by Malick Souare
Many observers have rightfully expressed concerns about future prospects for Canada's economic growth and improvements in living standards, mainly because of Canada's lagging productivity level and/or growth relative to some Organisation for Economic Co-operation and Development (OECD) countries, and in particular to the U.S. Over the years, several potential factors have been put forward to explain Canada's weak productivity performance with respect to the U.S. Among them are the following three related factors: lower investment in fundamental innovation [as measured, e.g., by research and development (R&D) intensity], lower investment in applied innovation or the adoption and diffusion of new technologies [which are typically embodied in new machinery and equipment (M&E) — including information and communications technology (ICT) — capital], and the lack of competitive pressures (e.g., in product markets). Since competition is generally seen as the single leading catalyst for fundamental and applied innovation, this paper analyzes the role of product market competition in the Canada-U.S. productivity level gap. To this end, we develop an empirical framework in which competition exerts both direct and indirect effects on productivity, the latter through its impacts on fundamental and applied innovation. We find statistically significant evidence that the competition intensity differential (between Canada and the U.S.) has contributed to the Canada-U.S. productivity level gap directly, and indirectly through lower investments in both R&D activities and M&E (including ICT) capital. Overall, the discrepancy in competition intensity accounted for about 8.26% of the Canada-U.S. total factor productivity level gap over the 1987–2003 period in the business sector. We also find statistically significant evidence that Canada's relative poor performance in productivity and investments in technology adoption have acted as a self-reinforcing mechanism, which further causes detriment to the country's productivity.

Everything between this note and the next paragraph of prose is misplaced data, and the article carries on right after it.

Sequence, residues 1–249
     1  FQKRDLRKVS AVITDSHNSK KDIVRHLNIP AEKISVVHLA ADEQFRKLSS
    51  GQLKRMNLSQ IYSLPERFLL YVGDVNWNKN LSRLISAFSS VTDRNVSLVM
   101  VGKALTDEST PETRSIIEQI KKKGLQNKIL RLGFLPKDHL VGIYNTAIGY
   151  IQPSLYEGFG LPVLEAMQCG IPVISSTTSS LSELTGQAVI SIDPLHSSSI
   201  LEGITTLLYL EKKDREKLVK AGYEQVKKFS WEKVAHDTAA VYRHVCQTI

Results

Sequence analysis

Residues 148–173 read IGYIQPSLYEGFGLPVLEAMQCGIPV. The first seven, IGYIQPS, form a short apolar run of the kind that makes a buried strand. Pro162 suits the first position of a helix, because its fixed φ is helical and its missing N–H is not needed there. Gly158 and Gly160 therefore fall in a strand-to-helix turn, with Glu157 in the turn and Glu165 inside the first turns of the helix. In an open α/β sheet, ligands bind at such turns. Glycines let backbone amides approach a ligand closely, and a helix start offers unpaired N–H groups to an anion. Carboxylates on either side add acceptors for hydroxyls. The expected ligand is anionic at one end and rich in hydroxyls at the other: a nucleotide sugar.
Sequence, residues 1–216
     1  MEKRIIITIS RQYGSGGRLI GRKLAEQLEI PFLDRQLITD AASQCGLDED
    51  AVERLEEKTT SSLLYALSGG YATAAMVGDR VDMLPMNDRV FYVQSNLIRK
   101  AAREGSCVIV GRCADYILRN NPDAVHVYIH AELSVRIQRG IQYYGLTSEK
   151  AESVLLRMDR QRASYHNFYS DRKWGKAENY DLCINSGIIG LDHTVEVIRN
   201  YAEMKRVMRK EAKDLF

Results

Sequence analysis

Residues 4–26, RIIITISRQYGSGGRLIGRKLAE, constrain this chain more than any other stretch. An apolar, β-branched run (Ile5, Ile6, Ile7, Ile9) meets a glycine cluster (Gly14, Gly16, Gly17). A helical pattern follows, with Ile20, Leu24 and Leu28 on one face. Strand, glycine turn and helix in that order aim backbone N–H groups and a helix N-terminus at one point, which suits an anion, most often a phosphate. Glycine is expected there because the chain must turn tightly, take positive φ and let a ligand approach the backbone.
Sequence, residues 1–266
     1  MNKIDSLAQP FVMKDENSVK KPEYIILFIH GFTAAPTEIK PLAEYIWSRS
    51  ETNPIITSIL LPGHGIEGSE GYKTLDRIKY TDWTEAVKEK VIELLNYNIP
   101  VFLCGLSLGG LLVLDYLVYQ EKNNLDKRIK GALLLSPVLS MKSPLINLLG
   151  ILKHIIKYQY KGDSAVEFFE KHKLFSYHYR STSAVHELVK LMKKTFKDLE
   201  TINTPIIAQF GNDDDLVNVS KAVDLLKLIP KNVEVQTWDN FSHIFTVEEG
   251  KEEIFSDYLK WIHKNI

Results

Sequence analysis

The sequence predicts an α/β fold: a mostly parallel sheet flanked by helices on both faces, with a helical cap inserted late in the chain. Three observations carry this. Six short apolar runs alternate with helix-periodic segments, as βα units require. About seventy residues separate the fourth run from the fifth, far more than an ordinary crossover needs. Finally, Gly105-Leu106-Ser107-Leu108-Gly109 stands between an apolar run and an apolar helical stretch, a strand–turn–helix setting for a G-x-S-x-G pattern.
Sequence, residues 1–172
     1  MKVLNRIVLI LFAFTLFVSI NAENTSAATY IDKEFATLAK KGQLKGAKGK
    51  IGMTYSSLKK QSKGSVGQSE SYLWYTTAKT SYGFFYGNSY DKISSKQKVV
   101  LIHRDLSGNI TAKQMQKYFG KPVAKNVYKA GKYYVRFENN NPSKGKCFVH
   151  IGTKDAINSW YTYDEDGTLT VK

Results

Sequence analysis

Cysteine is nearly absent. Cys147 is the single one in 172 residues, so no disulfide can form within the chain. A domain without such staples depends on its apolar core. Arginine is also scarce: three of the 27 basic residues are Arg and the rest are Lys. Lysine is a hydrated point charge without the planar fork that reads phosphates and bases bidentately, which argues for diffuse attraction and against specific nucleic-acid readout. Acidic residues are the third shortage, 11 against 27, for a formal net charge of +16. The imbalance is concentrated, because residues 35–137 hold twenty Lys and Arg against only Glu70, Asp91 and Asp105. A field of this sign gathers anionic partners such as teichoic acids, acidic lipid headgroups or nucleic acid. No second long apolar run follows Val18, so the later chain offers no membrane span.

Key words: competition, innovation (fundamental and applied), Canada-U.S. productivity gap